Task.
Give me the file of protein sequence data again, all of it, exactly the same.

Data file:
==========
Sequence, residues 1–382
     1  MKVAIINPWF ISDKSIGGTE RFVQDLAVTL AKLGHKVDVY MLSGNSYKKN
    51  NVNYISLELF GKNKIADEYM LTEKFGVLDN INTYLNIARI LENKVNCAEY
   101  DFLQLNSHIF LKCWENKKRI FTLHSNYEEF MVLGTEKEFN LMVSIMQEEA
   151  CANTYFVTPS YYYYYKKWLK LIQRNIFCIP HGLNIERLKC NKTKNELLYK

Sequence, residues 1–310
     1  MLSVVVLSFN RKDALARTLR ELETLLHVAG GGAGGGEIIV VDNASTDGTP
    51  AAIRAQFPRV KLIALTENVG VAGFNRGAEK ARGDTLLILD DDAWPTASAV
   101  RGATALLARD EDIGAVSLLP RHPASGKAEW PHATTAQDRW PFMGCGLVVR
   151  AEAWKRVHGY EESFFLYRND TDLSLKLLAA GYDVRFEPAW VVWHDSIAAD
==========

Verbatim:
Sequence, residues 1–382
     1  MKVAIINPWF ISDKSIGGTE RFVQDLAVTL AKLGHKVDVY MLSGNSYKKN
    51  NVNYISLELF GKNKIADEYM LTEKFGVLDN INTYLNIARI LENKVNCAEY
   101  DFLQLNSHIF LKCWENKKRI FTLHSNYEEF MVLGTEKEFN LMVSIMQEEA
   151  CANTYFVTPS YYYYYKKWLK LIQRNIFCIP HGLNIERLKC NKTKNELLYK

Sequence, residues 1–310
     1  MLSVVVLSFN RKDALARTLR ELETLLHVAG GGAGGGEIIV VDNASTDGTP
    51  AAIRAQFPRV KLIALTENVG VAGFNRGAEK ARGDTLLILD DDAWPTASAV
   101  RGATALLARD EDIGAVSLLP RHPASGKAEW PHATTAQDRW PFMGCGLVVR
   151  AEAWKRVHGY EESFFLYRND TDLSLKLLAA GYDVRFEPAW VVWHDSIAAD